The long encounter in Act 2 between Dodon and the heartless Queen of Shemakha is a bewitching example of Russian orientalism. Rimsky-Korsakov has fun with the orgiastic abandon of “foreign” rhythms in the vein of Borodin’s Polovtsian Dances. When the Queen forces Dodon to dance, he shambles clumsily while the music eggs him on with a punishing accellerando. There is little irony, however, in the Queen’s enticing songs, with their chromatic cascades and sparkling orchestral hues. Venera Gimadieva, who has sung the role on the opera stage, has everything it requires. Her soprano is pure silver, with a downy middle range, employed to devastating effect during her description of her naked body. Poor Dodon is defenceless against such weaponry. With her clear, full top notes and fluid coloratura, Gimadieva was spectacular in the opera’s hit aria, the “Hymn to the Sun”. It is striking that, after so many send-ups, the people grieve for their Tsar with a magnificent choral lament. Although their praise for him is ludicrous, the composer sympathizes with the nation and refrains from ridicule. With this touching final chorus the Netherlands Radio Choir topped a glowing, round-toned performance marked by subtle role differentiation. The women’s slave chorus was an aesthetic highlight. The Astrologer is a role for a tenor who can soar comfortably above the staff. Barry Banks did so outstandingly, up to the fearful high E natural in Act 3. He sang with plenty of panache, bracketing this frequently magical performance with a fittingly strong prologue and epilogue.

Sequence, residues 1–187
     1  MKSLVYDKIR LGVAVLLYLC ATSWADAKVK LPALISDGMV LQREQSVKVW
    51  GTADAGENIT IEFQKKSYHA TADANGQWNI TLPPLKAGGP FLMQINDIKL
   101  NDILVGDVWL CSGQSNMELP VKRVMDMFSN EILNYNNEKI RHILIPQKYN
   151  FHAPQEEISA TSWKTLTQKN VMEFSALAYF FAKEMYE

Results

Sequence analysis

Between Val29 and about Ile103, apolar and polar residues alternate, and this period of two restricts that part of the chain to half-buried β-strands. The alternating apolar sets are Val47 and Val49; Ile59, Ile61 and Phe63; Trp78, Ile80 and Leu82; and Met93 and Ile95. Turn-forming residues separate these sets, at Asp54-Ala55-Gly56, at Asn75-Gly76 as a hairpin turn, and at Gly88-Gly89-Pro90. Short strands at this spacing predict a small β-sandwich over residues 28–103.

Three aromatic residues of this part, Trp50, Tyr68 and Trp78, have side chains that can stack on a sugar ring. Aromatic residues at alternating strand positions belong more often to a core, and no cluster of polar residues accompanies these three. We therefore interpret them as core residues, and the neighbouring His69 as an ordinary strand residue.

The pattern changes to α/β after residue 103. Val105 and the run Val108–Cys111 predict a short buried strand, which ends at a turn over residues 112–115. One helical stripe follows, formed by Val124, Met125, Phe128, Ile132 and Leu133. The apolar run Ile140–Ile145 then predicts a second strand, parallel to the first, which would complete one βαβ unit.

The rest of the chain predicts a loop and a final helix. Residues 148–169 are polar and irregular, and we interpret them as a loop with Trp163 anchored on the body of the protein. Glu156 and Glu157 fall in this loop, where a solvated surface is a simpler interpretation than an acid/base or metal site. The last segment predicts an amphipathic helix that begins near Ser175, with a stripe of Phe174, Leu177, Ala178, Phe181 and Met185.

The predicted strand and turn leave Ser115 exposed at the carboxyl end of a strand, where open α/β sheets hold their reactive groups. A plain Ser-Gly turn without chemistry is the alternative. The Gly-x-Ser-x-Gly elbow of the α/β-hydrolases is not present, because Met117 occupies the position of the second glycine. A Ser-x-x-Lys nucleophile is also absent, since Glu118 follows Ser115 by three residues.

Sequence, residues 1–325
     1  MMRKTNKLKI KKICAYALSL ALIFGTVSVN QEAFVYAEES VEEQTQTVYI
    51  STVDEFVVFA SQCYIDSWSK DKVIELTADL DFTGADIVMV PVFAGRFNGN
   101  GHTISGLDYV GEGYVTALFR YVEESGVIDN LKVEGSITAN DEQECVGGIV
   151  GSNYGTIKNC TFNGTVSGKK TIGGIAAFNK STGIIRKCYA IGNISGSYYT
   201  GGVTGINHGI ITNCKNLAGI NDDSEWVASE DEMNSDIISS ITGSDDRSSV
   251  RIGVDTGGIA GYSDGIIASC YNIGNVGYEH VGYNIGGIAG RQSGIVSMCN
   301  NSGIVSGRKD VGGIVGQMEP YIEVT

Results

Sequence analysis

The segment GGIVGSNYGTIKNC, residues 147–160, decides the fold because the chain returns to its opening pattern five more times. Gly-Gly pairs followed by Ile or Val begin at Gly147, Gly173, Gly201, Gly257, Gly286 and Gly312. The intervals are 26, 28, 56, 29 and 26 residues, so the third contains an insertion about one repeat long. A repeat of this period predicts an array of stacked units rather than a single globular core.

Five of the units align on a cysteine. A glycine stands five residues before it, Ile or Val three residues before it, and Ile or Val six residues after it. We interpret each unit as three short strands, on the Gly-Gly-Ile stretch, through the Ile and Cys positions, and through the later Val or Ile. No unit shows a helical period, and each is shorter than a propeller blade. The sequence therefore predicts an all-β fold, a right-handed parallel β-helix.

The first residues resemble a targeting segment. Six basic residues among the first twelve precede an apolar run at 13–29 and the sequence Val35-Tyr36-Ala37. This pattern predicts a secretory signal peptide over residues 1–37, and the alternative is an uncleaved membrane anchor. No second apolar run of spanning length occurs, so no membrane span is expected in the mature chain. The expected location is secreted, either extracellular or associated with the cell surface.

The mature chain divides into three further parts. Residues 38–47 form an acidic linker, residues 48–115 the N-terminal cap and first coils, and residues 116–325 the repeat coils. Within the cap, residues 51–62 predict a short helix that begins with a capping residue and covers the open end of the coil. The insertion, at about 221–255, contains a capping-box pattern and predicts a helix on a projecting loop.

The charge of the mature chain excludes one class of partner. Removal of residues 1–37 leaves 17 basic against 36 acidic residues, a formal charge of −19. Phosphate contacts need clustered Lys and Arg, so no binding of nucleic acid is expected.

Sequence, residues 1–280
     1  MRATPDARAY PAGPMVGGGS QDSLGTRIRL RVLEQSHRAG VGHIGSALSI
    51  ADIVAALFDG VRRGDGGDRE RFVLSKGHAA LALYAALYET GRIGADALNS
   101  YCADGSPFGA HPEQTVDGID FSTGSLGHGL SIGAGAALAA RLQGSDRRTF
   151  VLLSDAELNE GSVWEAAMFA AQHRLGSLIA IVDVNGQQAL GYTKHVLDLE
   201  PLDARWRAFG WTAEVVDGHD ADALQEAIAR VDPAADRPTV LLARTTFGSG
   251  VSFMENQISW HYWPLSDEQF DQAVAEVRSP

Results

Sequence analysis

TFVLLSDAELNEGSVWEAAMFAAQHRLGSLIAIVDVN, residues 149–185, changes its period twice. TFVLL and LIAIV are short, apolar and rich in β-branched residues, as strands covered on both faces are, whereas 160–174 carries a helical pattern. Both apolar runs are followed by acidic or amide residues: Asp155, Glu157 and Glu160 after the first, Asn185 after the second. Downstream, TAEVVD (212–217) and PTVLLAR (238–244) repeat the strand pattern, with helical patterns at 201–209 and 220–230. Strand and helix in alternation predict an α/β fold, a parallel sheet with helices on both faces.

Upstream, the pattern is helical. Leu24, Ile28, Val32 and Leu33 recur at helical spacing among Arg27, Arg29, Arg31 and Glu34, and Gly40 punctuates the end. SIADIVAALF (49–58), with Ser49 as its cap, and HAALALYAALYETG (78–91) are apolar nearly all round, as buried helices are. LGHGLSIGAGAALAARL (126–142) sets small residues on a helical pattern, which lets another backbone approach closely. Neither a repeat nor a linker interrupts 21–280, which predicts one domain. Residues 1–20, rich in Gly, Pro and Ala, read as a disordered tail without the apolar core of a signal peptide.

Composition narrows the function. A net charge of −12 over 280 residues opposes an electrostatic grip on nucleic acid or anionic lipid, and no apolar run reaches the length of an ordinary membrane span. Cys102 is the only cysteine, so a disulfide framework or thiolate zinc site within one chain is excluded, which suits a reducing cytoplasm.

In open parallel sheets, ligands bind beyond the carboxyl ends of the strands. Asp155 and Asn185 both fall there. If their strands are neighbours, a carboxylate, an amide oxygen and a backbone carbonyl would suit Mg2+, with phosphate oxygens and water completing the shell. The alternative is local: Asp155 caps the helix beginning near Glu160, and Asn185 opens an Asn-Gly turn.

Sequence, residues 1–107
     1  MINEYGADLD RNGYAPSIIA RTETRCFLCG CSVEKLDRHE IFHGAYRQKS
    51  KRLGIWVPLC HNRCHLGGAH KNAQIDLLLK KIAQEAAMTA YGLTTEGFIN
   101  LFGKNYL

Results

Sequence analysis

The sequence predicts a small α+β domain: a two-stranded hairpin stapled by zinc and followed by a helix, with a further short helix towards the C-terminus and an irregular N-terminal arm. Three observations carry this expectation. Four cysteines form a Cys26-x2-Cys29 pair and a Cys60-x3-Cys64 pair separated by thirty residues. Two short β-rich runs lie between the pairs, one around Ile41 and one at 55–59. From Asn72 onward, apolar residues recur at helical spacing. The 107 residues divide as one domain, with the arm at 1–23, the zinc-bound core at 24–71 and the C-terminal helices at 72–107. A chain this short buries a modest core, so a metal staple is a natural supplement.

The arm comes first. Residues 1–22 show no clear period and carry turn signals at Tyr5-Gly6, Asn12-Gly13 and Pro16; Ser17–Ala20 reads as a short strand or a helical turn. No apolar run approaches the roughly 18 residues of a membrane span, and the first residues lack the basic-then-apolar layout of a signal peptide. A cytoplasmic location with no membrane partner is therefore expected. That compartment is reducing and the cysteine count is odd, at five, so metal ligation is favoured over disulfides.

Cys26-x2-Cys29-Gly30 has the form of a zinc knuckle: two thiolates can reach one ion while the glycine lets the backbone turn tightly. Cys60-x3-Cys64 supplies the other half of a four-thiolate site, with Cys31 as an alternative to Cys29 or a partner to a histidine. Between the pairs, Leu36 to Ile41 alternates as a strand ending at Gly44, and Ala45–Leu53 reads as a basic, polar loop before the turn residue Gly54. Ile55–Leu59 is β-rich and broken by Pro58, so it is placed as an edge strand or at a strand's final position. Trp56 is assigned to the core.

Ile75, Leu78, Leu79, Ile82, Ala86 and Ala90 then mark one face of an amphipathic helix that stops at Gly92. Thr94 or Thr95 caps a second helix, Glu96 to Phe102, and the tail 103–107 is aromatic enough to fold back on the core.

Jenny Camilleri


Cast and production information:

Tsar Dodon: Maxim Mikhailov, bass; Tsarevich Gvidon: Viktor Antipenko, tenor; Tsarevich Afron: Andrei Bondarenko, baritone; General Polkan: Oleg Tsibulko, bass; Amelfa, a housekeeper: Yulia Mennibaeva, mezzo-soprano; Astrologer: Barry Banks, tenor; Tsaritsa of Shemakha: Venera Gimadieva, soprano; Golden Cockerel: Aleksandra Kubas-Kruk, soprano; First Boyar, Alan Belk, tenor; Second Boyar, Lars Terray, bass. Netherlands Radio Choir, Netherlands Radio Philharmonic Orchestra. Conductor: Vasily Petrenko. Heard at the Concertgebouw, Amsterdam on Saturday, 16 December 2017.